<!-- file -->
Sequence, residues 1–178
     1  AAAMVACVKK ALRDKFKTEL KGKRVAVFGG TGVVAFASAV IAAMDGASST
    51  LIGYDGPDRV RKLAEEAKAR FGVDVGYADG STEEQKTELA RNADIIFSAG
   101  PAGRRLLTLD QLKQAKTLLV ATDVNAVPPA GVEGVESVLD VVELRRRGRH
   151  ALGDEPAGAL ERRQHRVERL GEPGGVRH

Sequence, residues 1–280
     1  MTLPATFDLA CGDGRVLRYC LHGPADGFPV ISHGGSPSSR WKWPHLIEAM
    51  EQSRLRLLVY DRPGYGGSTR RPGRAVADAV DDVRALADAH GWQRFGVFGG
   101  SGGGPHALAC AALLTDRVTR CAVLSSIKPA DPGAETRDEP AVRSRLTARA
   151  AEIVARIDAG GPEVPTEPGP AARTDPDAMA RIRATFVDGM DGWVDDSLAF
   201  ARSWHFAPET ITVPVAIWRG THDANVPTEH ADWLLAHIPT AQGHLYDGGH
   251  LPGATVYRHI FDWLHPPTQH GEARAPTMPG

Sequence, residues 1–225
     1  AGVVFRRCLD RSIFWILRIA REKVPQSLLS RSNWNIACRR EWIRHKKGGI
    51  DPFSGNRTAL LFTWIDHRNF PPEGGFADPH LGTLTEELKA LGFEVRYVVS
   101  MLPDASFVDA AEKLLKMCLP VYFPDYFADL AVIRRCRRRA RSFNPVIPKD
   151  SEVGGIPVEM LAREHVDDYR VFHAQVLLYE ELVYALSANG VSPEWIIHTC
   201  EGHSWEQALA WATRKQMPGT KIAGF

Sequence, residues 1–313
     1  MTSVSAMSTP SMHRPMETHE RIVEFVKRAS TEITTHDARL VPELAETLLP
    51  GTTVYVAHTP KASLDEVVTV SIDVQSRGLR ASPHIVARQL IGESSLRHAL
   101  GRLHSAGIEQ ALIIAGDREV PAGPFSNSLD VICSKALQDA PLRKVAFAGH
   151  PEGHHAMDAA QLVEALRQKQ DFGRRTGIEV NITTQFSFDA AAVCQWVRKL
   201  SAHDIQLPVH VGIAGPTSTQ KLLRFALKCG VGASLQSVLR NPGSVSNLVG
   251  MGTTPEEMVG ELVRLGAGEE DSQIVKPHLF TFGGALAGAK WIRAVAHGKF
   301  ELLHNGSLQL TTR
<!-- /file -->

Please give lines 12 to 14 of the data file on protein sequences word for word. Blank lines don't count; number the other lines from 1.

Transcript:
   251  LPGATVYRHI FDWLHPPTQH GEARAPTMPG

Sequence, residues 1–225
     1  AGVVFRRCLD RSIFWILRIA REKVPQSLLS RSNWNIACRR EWIRHKKGGI